Technology is a huge part of everyone’s job nowadays. And it did not bypass us as learning professionals. But there is so much daily news about L&D tech, monthly app launches, or suppliers writing to you almost weekly to schedule a demo. It’s overwhelming.
This was the main reason I felt so lucky to come across Christopher Lind and his Learning Tech Talks over 8 months ago. I was first excited by the subject but soon discovered it’s the go-to place for quality information on what’s happening in the L&D tech industry.
2 months ago Christopher celebrated one year of Learning Tech Talks with a special event. An event focused on his lessons learned in the past year, where he covered the capabilities of L&D tech and the problems that it can solve for learning professionals.
The sum-up of the talk is that the modern solution spectrum can help with:
- Performance enablement and operational efficiency;
- Skill visibility, development, and mobility;
- Building an organizational culture and supporting employee wellbeing.
Some suppliers choose to cover each of these areas. Others are point solutions – those looking to solve unique, specific problems you or your colleagues encounter in everyday work. What Christopher mentions as a trend is a collaboration between some enterprise-level solutions and point solutions, where the latter remains focused on addressing unique problems while also integrating as features into the former.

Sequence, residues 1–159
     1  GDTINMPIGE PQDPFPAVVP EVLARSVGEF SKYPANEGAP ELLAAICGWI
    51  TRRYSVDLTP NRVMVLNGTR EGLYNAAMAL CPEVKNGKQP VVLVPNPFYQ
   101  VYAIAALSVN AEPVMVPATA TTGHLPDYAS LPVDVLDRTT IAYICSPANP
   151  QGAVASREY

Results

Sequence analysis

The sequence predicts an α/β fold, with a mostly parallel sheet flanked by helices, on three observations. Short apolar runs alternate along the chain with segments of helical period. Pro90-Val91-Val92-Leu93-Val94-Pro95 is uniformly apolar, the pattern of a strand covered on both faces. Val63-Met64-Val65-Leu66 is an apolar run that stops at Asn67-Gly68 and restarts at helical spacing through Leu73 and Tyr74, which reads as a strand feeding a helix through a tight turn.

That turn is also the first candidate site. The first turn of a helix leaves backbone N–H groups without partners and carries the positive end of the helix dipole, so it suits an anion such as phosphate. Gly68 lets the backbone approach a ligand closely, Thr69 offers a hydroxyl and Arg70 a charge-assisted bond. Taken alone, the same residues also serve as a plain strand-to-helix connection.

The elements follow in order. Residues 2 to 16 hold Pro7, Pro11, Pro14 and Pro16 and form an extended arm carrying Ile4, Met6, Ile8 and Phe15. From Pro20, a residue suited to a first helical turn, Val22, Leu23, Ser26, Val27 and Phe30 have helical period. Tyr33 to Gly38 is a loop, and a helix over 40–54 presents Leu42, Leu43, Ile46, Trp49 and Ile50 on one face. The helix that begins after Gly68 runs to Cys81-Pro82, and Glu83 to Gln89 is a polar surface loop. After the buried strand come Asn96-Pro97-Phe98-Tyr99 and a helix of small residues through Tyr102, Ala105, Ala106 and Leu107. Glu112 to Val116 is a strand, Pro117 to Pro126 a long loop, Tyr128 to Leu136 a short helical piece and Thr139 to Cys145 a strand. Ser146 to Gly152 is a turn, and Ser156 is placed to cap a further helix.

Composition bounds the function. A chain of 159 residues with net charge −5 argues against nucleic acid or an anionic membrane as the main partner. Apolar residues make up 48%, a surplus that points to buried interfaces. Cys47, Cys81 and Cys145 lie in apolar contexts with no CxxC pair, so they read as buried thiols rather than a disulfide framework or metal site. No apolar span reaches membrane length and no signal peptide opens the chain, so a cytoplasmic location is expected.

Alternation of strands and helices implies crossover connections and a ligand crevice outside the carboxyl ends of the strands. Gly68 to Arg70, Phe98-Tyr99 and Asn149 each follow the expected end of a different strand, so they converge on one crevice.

Now, the question we all have. How do we choose who to work with? The answer both Christopher mentioned in his event and Johanna Bolin Tingvall mentioned in a pretty cool piece of content from the HR Spotify blog is that it depends on your needs and the challenges you’re trying to solve in your organization. Keeping in touch with leading L&D tech advancements, thoroughly assessing your needs, and researching and benchmarking multiple suppliers against those needs should be common practice.
Since I’m such an L&D tech geek and find it so important for our function to be connected to this topic, I could not pass the chance of partnering up with Christopher to bring his lessons to Offbeat.
Let’s dive in!
Which are the L&D Tech Advancements in our industry?
For a long time, we have been trying to do personalization manually, but weare now seeing more and more automation into this space, empowering and enabling us to do things we physically could not do in the past.